We’re so happy to have another fantastic guest post from Marietta Paxson, Sleep Expert, and LMFT. We’re talking about something every parent goes through… when will your child sleep through the night and what constitutes “normal” sleep patterns for babies, enjoy!
Marietta Paxson is a licensed Marriage and Family Therapist in the state of Utah. She specializes in parenting and baby and toddler sleep among other areas. She is the Founder and CEO of Little Dreamers Baby Sleep Consulting. She has a 4 year old and 2.5 year old twins with her husband of 5 years. Marietta is passionate about the work she does to help families sleep better to feel better.
We all want our children, and especially our babies, to sleep. No one wants it more than the mommy of a baby who just isn’t sleeping, except for maybe the daddy because he is the one listening to the ever-mounting complaints from mom. Sleep. Long. Blissful. Sleep. Is that really too much to ask?
Well yes, sometimes it is. I have learned that when a mom uses the phrase sleeping through the night or sleep through the night (STTN) it is always best to ask them exactly what that means. I’ve had moms tell me their 3-month-old can sleep through the night only to find out that they are sleeping 5-7 hours, which in the medical field is sleeping through the night. But can we please stop calling that sleeping through the night. Because it sure doesn’t feel like it to the mom.
I’ve also had moms try to tell me that their child is sleeping through the night when they are still feeding them at night. Um no. I don’t care if you are dream feeding them before you go to sleep so they will sleep while you sleep. Nope. Doesn’t count. I am happy you are sleeping uninterrupted, but your baby isn’t. Which means he is not sleeping through the night!
Sleeping through the night means you put your baby down for the night. And he sleeps until morning. That’s like 11-12 hours, people! It means that for 11-12 hours you do not see or feed that lovely little face. It means that instead of going into his room to feed him you get to stay in your bed and look at cute baby pictures before you fall asleep, and you get to sleep uninterrupted.
A baby that can sleep through the night is a glorious thing. And while there is a small percentage of babies who can STTN before 6 months of age, I would say 9 months is much more common. Please do not tell yourself your baby will be STTN at 4, 5, or even 6 months.
Remember, we are talking about 12 hours here! Even though your 5-month-old may not be STTN he can still be sleeping for 7, 8 or even 9 hours at night. You can still get the rest you need! And 4 months is the perfect age to start helping your baby sleep better, not 12 hours, but 5, 6, 7, or 8 hours better!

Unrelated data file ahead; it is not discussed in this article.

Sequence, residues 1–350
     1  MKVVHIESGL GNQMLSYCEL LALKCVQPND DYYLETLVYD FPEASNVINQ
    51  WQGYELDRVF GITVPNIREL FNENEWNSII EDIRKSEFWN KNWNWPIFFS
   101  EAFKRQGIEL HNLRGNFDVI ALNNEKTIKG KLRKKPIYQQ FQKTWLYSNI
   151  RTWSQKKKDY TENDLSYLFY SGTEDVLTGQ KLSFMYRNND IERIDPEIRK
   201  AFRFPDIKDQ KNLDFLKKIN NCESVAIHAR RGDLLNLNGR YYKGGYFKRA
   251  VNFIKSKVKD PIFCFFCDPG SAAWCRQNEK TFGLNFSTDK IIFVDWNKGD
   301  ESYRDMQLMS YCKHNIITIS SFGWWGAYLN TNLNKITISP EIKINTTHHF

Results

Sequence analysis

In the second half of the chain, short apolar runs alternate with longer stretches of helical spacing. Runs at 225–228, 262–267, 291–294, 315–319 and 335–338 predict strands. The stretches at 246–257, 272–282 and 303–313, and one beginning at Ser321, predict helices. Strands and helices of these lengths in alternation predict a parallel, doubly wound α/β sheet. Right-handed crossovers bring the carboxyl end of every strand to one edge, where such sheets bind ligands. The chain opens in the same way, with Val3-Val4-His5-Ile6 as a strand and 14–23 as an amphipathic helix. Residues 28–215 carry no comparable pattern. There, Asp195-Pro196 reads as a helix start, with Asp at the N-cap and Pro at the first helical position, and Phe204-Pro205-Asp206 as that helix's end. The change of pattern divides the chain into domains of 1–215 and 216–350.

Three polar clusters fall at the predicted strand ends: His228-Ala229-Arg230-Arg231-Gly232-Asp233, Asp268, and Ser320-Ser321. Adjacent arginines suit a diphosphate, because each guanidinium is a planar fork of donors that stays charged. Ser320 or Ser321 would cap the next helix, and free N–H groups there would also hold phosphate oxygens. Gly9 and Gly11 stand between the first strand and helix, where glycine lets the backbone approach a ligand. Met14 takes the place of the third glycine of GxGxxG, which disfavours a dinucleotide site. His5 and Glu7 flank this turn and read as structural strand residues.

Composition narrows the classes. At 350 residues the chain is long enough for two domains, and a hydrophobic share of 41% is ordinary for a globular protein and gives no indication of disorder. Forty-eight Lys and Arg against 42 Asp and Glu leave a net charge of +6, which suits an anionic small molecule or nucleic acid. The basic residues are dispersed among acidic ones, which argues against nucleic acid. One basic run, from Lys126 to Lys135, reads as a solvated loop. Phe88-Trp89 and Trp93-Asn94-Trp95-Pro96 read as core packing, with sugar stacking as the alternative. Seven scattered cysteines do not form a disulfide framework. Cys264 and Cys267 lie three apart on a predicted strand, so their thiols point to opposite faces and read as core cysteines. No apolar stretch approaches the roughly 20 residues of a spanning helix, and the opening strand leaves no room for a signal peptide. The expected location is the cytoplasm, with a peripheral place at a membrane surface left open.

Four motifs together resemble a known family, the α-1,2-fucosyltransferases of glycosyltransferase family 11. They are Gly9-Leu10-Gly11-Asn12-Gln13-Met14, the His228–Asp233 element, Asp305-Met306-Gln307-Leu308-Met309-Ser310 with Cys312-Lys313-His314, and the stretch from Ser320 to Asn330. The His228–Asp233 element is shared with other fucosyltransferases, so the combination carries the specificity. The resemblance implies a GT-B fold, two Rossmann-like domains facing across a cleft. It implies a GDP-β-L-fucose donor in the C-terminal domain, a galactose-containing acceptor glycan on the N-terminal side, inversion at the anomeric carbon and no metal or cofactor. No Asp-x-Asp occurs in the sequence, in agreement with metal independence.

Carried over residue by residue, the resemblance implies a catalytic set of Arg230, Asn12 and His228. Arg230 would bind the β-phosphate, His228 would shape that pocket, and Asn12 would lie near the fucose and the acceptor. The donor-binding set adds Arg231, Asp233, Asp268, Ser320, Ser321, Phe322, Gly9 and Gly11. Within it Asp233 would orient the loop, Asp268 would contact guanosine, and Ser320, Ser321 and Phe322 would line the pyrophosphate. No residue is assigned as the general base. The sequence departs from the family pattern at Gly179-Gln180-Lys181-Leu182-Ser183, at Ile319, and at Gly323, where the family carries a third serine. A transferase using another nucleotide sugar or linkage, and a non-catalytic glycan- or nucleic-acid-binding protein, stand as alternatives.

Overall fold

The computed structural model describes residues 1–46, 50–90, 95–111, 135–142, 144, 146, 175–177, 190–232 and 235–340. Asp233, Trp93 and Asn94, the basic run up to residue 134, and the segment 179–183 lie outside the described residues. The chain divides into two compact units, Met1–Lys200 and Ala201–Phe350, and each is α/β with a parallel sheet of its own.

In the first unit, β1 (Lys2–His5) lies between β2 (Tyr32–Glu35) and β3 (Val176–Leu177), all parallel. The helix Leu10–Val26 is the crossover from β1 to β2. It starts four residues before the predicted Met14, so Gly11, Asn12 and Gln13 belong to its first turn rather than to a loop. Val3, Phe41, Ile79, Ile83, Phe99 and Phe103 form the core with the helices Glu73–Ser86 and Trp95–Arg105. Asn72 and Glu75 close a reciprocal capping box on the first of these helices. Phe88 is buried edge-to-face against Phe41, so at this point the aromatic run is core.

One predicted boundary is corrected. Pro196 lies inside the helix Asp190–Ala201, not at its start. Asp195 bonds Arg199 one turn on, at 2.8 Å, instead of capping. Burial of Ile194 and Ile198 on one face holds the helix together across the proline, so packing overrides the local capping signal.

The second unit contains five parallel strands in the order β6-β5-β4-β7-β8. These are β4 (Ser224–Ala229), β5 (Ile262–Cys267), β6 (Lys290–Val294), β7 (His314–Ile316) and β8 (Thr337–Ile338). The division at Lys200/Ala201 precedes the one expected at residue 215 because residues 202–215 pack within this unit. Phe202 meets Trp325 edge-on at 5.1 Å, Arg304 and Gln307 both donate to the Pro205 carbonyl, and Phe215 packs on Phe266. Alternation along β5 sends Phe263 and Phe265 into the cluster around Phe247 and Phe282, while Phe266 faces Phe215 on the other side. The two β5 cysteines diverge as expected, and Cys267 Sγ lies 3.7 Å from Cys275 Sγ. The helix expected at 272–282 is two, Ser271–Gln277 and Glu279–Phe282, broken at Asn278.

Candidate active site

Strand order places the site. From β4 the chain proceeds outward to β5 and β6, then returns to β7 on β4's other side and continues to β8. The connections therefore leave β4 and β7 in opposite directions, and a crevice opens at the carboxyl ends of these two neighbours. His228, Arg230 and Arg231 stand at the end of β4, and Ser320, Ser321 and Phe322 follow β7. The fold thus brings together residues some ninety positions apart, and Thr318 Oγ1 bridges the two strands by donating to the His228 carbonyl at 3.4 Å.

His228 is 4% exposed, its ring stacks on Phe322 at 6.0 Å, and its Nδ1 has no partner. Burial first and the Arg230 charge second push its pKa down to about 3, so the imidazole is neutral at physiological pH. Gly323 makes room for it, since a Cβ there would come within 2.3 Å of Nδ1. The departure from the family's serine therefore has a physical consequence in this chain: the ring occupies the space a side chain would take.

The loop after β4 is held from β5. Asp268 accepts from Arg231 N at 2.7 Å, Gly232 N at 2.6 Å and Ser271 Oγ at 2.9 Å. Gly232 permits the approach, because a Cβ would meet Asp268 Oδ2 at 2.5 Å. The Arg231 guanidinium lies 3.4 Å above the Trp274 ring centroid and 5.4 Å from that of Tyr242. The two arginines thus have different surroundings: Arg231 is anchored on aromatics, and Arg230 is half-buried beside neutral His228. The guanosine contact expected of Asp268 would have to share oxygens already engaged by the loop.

Expectations really make or break us. Do not, I repeat, DO NOT tell yourself your child will be sleeping through the night at 6 months. Tell yourself 9 months. Then if 9 months comes and you are still waking up for your baby at night, you’ll know your baby needs a little help to get him where he is capable of going.
There are definitely tricks you can do to help your child drop that last waking at night, and I will address those on another day in a different post. Chances are if you have done some sleep training, your child will get there on his own sooner than you thought possible. But today is all about setting the expectation right.
More important than regulating your child’s wake-ups during the night is making sure your child knows how to fall asleep unassisted (that’s called sleep training, folks!) and making sure he is well rested.
Overtired babies tend to wake more often during the night even when they are sleep trained. When I talk with clients, I am not too concerned about a child waking up once at night to eat. I am concerned about a child waking up frequently at night. Once a night means you and your baby are on your way to long blissful nights. More than once, and definitely more than twice for babies 4-8 months, and you may find yourself in a sleep regression headed for exhaustion fast!
Speaking of which, sleep regressions, are awful. You may know your child is in the midst of a sleep regression if he is waking more frequently at night, resisting bedtime, taking longer to fall asleep for naps, or taking shorter naps.
While there are generally times you can expect to see one pop up (4-month sleep regression anyone?) they really can present themselves at almost any time. Four months, 6 months, 8-10 months, 11-13 months, 16-18 months, 24 months, see what I mean?
Sometimes a sleep regression will work itself out and all that is required from the parent is consistency and time. I recommend two weeks. If your baby is still waking after two weeks it is likely a sleep regression that may need some parental intervention to work through.
Perhaps a simple schedule adjustment will do the trick, or perhaps it’s time to teach your baby to sleep train. Sleep regressions are caused by many different factors and it can be hard to identify which one is to blame for your baby’s poor sleep.
Most importantly please remember that when your friend posts a picture of her adorable kiddo stating that he slept through the night at only 3 months (!!), it’s probably not true. And if by chance it is, it probably won’t happen again. And if by chance it does become routine, don’t worry, their next child is guaranteed to be a horrible sleeper. It is the law of babies. I didn’t write it, but we all follow it.
If you are in need of some personal help to help you understand your baby’s night wakings and if there is anything you can do please reach out today, and sleep better tonight! I host a free Q&A on Facebook every single week (click here to submit your questions via Facebook messenger). I also offer a FREE 15-minute phone call to discuss my packages and find the right solution to your sleep issue.
If your kiddo (ages 3+) needs a little help getting to sleep, check out our Sleep Drops: